“We defined what we meant by ‘classical’ in very Catholic terms,” says Michael Hanby, a committee member and a professor at the John Paul II Institute at Catholic University. “It was not just a method but an incorporation into the whole treasure of Christian wisdom, which includes that of Christian cultures. Our students would get a coherent understanding of history, literature, art, philosophy — the traditions to what Catholics in the West are heirs.”
Parishioners and parents raised $190,000 to retire the debt. After hundreds of hours of work, the committee produced a lengthy educational plan that included curricula for each grade and subject, lists of suggested books, and criteria that each detail of the school’s life would have to satisfy. Examples: Is it beautiful? Are we doing this because it’s inherently good or as a means to an end? If the latter, what end? Does it encourage reverence for the mystery of God and the splendor of His creation? Does it encourage the student to desire truth, to understand virtues and to cultivate these within him (or her) self?
The plan was for students in successive grades to work their way through the history of civilization, beginning with ancient Egypt in kindergarten,ancient Greece for grade one, the Roman Empire in grade two, the Middle Ages in grade three and so on. Religion, art, Latin, nature studies, math, music and physical education also are worked in. Although some of the influences from more than 2,000 years back are pagan, that doesn’t faze music teacher Michelle Orhan, who teaches third-graders about the nine Muses who are daughters of ancient Zeus.
“I want them to have a well-rounded vision of what music is and where it comes from,” Orhan says after a session of explaining the origins of Calliope, Terpsichore and Urania. “We also discuss the disadvantages of polytheism, a discussion you can’t have in public school today. In anything having to do with Greek mythology, you have to talk about the gods.”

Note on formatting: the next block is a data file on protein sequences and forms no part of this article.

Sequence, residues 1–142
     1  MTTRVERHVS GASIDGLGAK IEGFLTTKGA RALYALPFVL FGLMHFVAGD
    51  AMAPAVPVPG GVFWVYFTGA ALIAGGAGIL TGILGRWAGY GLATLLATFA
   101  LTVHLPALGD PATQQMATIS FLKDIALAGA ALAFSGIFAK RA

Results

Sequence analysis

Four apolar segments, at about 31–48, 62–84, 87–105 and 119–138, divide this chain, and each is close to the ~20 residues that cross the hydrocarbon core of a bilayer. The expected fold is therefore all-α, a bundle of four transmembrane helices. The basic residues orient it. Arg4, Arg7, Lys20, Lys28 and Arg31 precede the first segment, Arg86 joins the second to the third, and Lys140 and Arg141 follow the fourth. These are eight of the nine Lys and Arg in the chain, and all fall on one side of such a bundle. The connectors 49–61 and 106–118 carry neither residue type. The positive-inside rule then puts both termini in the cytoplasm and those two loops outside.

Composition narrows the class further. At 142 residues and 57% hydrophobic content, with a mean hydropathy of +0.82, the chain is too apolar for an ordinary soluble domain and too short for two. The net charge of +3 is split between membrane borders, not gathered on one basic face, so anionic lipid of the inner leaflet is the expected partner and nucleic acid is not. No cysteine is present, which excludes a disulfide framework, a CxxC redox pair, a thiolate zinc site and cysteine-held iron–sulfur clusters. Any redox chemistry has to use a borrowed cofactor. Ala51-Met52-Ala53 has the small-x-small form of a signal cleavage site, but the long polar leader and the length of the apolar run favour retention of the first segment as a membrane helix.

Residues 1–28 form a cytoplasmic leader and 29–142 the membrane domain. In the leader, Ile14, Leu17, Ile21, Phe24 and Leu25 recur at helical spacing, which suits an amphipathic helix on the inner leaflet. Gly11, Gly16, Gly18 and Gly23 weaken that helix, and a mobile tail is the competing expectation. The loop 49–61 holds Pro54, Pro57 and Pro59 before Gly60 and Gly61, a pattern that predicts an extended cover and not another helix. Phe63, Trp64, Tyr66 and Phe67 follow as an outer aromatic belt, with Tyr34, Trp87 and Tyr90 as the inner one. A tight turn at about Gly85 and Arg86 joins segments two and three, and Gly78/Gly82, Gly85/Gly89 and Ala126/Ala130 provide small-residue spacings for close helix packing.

Already other dioceses are taking a serious look at what’s happening at St. Jerome’s to see whether their aging Catholic schools can turn into classical academies. Or, like St. Theresa’s, they can begin their classical school from the ground up.
About 20 miles southwest of Houston, St. Theresa’s school building was dedicated in August 2009. Romanesque arches cover outside walkways. In the atrium, the lower level is Doric columns with images of the seven virtues in the frieze, the upper level is Ionic pilasters. Noted ecclesiastical architect Duncan G. Stroik — also an associate professor at the University of Notre Dame — was commissioned to design the school.
“It’s hard to change the status quo in Catholic education,” says St. Theresa’s Principal Jonathan Beeson, a Yale Divinity School graduate and former Protestant minister who converted to Catholicism. “If you’re not versed in the history of ideas, you cannot be self-critical.”
Teachers from across the country are now applying to work at the pre-K through second-grade school, which is planning to add one grade each year. Latin starts in first grade. Second-graders learn Greek history. Everyone memorizes poetry.
“There’s not a single one of the 92 kids here who’s not eager to recite a poem,” Beeson says. “Kids need content in their brains, and they’re wired to absorb facts. You can’t reflect on something if it’s not in your brain.”
Beeson sees a day when the classical method will become widely accepted by Catholics.
In Washington, Cardinal Donald W. Wuerl backs St. Jerome’s, according to Bert L’Homme, the new archdiocesan school superintendent.
“The classical curriculum existed in the Catholic universities of Paris, Padua and Oxford,” he says. “It’s rooted in the church. The combination of Catholic and classical education is very enticing to some parents.”
Julia Duin, whose most recent book is “Days of Fire and Glory,” is a religion writer living in Maryland whose daughter briefly attended St. Jerome’s. She can be reached at firstname.lastname@example.org.